Speeches

sutherland institute

Thank you to the Sutherland Institute for hosting this event. I am grateful for all you do to stand firmly and faithfully on the front lines of the fight for human dignity, economic opportunity, and social solidarity.

It is of course a tragedy that we have to be here at all. Though the Bible says the poor will always be with us, it can still be hard to accept that fact in a nation with a $15 trillion economy.

And yet, more than 50 years after President Lyndon Johnson’s famous “War on Poverty” speech, we all know the statistics.

Despite trillions of taxpayer dollars spent to eradicate poverty since the late 1960s, the poverty rate across the country has hardly budged. And nearly every strategy we have employed in this “war” – dealing with everything from health care to criminal justice – has failed to achieve genuine change in our most vulnerable communities.

In that same time, participation in civil society, marriage, and religion have deteriorated in poor neighborhoods – compounding economic hardship with social isolation.

All of this might lead some to the depressing conclusion that America’s war on poverty has failed. But the evidence proves nothing of the sort.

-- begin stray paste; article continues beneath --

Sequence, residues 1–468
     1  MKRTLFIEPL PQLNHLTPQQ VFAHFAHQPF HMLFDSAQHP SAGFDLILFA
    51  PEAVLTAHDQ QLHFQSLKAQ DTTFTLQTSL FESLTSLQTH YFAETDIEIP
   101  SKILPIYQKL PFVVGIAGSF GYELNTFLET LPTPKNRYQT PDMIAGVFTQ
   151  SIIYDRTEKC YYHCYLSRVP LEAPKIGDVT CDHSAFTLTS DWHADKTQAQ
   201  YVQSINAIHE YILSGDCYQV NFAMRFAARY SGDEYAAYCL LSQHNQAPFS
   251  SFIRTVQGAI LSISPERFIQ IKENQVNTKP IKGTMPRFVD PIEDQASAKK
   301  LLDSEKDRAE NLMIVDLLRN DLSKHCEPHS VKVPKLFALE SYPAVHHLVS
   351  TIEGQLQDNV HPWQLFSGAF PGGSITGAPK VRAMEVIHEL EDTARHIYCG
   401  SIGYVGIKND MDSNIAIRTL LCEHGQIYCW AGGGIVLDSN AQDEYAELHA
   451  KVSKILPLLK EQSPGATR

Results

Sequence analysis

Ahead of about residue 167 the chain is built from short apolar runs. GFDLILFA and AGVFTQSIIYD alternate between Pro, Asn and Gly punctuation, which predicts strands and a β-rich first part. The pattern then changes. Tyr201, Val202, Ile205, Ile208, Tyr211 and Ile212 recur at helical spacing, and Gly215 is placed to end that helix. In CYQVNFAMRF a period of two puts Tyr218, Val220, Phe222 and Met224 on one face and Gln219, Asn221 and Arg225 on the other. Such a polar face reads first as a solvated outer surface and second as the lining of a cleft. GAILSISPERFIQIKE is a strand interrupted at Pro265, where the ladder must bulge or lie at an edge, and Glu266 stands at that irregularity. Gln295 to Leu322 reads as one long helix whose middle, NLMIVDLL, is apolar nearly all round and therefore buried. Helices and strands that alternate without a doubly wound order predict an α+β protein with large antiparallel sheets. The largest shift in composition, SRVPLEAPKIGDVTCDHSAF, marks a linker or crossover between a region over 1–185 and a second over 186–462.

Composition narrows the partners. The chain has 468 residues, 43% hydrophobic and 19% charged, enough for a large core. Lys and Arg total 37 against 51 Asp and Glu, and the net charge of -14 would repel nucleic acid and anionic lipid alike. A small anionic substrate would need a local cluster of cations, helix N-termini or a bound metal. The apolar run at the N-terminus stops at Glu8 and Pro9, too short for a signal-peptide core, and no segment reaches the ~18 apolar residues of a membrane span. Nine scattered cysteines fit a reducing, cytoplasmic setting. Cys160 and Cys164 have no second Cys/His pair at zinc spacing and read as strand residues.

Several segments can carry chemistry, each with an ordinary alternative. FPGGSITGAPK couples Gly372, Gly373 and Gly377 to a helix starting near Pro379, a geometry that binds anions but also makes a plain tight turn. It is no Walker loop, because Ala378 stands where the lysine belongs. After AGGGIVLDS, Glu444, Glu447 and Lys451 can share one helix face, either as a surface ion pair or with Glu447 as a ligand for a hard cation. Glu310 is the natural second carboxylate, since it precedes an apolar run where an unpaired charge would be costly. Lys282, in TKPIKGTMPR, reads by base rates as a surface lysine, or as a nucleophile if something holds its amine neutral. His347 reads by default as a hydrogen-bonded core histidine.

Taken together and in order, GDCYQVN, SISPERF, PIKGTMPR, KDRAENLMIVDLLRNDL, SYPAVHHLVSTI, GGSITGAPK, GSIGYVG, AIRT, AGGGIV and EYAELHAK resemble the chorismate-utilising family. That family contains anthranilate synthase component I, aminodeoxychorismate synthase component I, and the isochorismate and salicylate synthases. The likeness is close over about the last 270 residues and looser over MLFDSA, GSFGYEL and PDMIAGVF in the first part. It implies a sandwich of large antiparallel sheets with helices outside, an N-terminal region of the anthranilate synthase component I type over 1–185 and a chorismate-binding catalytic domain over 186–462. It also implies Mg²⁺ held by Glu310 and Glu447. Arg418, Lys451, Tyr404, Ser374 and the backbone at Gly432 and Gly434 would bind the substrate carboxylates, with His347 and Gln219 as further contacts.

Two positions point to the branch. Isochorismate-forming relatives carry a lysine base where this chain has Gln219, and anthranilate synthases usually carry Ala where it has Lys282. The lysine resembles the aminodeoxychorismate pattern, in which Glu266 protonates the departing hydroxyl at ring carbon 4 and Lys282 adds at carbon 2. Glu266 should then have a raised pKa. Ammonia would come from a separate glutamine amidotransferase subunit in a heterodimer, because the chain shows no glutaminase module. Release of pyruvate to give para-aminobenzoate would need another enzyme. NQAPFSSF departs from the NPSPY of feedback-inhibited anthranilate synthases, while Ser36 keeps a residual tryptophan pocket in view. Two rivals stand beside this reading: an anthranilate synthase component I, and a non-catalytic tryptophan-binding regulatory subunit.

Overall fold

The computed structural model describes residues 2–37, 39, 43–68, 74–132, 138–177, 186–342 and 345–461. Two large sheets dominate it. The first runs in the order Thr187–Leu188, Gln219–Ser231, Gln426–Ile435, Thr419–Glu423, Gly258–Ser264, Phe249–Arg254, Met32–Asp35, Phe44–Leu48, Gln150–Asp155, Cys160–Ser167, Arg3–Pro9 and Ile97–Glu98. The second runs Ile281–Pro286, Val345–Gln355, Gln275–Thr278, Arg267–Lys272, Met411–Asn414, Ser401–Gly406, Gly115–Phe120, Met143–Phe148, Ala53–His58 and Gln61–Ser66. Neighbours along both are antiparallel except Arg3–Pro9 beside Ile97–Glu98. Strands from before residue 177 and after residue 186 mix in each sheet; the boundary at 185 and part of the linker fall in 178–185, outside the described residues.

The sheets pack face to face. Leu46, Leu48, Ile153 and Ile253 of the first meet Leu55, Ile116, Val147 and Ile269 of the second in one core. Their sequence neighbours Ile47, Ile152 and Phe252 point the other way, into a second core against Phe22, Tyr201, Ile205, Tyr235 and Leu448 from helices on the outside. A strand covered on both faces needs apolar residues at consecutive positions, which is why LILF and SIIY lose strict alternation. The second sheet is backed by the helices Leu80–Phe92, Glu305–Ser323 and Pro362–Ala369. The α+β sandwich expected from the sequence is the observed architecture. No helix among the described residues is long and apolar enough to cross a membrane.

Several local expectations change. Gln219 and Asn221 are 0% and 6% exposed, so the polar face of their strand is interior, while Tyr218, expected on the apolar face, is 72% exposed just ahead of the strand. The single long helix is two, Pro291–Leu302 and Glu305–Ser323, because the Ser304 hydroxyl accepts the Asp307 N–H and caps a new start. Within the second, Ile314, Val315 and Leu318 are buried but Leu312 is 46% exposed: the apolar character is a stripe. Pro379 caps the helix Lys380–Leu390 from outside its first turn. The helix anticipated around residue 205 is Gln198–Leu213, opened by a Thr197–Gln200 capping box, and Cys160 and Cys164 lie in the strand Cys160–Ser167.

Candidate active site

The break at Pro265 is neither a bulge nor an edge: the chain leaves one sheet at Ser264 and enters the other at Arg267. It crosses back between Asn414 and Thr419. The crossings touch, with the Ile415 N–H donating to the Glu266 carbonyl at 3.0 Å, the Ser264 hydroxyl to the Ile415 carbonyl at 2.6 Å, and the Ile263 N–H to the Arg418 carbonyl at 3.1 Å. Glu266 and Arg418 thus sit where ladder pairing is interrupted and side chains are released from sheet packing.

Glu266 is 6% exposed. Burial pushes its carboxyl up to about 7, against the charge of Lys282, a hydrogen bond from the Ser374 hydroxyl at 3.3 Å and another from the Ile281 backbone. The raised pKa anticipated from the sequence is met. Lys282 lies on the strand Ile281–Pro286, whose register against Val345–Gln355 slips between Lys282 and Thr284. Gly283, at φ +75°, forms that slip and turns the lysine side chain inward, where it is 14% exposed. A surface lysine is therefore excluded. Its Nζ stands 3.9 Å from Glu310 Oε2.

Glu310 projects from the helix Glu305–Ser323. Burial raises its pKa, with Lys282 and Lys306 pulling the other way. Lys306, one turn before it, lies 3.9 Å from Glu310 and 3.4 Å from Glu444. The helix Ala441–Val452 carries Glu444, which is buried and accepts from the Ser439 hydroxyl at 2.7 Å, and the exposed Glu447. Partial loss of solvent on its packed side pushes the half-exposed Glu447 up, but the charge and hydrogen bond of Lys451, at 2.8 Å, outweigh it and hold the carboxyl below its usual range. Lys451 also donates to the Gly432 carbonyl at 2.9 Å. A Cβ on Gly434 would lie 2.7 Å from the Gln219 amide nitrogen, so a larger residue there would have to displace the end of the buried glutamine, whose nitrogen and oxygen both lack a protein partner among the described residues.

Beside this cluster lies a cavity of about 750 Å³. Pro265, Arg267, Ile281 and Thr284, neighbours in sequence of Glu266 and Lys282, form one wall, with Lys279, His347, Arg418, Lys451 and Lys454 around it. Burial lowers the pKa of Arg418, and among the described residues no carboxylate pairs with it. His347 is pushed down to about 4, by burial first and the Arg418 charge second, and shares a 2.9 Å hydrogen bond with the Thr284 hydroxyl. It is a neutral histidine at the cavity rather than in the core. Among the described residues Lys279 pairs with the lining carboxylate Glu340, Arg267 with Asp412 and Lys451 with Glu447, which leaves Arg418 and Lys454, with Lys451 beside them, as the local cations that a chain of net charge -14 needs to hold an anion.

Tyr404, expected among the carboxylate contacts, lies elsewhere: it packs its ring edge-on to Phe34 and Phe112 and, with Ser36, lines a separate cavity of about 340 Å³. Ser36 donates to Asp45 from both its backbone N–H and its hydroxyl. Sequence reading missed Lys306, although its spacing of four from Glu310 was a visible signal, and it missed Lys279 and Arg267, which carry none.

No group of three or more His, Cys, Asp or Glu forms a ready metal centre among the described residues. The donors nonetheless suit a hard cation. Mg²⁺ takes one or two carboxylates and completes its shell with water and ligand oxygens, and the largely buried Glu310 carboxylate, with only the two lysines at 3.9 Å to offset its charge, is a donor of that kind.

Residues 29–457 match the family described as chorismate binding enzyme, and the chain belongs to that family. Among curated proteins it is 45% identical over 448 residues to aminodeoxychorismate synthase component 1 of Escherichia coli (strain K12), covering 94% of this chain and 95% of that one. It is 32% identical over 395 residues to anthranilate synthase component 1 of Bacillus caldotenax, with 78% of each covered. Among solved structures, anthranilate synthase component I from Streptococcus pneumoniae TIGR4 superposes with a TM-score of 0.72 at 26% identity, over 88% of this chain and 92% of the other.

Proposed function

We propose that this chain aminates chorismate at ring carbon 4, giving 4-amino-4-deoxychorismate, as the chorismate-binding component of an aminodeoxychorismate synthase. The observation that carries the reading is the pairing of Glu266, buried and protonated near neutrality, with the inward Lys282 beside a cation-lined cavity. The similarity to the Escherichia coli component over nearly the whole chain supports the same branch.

On the contrary, I believe the American people are poised to launch a new, bold, and heroic offensive in the war on poverty… if conservatives summon the courage to lead it.

First, let’s be clear about one thing.

The United States did not formally launch our War on Poverty in 1964, but in 1776: when we declared our independence and affirmed the equal rights of all men to life, liberty, and the pursuit of happiness.

For more than two hundred years, the United States –through good times and bad – has waged the most successful war on poverty in the history of the world.

From our very Founding, the tools Americans relied on to overcome poverty were what became the twin pillars of American exceptionalism: our free-enterprise economy and voluntary civil society.

We usually refer to the free market and civil society as “institutions.” But really, they are networks – networks of people and information and opportunity.

What makes these networks uniquely powerful is that they impel everyone – regardless of race, religion, or wealth - to depend not simply on themselves or the government, but on each other. In a free market economy and voluntary civil society, no matter your career or your cause, your success depends on your service.